Thu, Nov 09, 2017 - Page 8 News List


Electoral reform needed

Democratic Progressive Party Legislator Lee Chun-yi (李俊俋) has proposed redefining Aboriginal electoral districts. Such a reform is long overdue.

At present, Aboriginal electoral districts are divided into highland and lowland districts, which is a continuation of the household registration system employed under Japanese rule. The distinction was made according to where Aborigines lived at that time, irrespective of their ethnic group.

There are six Aboriginal legislators, with three representing highland Aborigines and three representing lowland Aborigines. This division causes various problems.

There are some counties, cities and municipalities where no Aboriginal legislators live, making it hard for legislators to speak for their voters.

Aboriginal legislators tend to belong to certain larger communities, while some smaller ethnic groups have never had a legislator elected from among them.

It would be a good idea to abolish the distinction between highland and lowland Aborigines. Instead, there could be electoral districts representing Aborigines living in regions consisting of two or three counties and municipalities.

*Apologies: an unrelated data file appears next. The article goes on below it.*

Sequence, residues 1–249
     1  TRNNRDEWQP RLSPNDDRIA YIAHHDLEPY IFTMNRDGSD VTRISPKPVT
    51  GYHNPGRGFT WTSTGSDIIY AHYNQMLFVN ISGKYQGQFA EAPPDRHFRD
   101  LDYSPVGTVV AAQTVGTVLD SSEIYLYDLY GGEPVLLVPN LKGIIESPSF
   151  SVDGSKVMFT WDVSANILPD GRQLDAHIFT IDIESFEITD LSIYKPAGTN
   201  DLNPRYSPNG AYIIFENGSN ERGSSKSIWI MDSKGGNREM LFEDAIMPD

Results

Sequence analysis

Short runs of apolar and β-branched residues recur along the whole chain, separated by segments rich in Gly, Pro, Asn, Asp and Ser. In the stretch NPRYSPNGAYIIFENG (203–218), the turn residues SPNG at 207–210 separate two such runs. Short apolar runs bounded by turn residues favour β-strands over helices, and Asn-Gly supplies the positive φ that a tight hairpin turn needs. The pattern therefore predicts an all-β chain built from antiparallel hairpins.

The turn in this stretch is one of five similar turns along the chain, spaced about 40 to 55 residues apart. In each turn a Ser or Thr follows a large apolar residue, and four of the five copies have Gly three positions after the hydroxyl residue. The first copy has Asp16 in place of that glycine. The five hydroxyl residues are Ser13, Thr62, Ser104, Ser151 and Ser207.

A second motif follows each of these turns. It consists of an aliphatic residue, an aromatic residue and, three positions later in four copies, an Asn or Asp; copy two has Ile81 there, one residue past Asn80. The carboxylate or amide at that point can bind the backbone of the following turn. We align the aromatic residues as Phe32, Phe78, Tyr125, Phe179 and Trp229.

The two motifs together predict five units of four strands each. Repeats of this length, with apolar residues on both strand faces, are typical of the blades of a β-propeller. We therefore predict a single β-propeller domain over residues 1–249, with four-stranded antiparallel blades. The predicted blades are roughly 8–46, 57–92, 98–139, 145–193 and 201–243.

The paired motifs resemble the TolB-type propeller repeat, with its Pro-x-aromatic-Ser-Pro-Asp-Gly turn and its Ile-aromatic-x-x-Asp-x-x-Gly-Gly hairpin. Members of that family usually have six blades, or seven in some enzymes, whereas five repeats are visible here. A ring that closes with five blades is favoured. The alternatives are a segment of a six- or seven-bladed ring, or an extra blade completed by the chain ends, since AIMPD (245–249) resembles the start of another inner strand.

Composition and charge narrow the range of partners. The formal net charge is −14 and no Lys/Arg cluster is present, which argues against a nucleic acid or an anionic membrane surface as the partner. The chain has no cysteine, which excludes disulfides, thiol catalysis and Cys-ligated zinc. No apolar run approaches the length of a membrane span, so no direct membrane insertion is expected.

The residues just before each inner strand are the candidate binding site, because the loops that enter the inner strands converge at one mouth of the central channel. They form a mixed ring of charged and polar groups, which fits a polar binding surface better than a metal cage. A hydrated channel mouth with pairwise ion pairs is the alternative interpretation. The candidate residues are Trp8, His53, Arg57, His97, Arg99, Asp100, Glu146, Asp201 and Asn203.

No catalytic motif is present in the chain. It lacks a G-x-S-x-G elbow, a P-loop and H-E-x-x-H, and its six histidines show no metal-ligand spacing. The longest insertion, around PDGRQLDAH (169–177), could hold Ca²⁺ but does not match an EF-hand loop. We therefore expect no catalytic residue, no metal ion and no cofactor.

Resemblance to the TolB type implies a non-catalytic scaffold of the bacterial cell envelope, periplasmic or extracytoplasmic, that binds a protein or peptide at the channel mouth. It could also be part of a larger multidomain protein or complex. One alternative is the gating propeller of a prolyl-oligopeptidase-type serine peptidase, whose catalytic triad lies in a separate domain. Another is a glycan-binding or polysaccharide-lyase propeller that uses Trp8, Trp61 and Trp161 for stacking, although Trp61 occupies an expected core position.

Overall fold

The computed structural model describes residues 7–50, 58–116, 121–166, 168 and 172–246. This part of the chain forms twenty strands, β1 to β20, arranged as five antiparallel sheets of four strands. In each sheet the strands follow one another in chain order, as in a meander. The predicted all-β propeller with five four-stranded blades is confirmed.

If there were one legislator representing Aborigines in each of these six regions, they would be more representative of their constituents.

Alternatively, legislators could be elected to represent the various Aboriginal communities according to the size of their populations, with one or two legislators representing more than one of the groups with smaller populations.

President Tsai Ing-wen’s (蔡英文) administration, which claims to respect Aborigines, should live up to that claim by designing a system by which Aboriginal legislators can better represent the real needs and demands of their voters.

Chen Chi-nung

Nantou County

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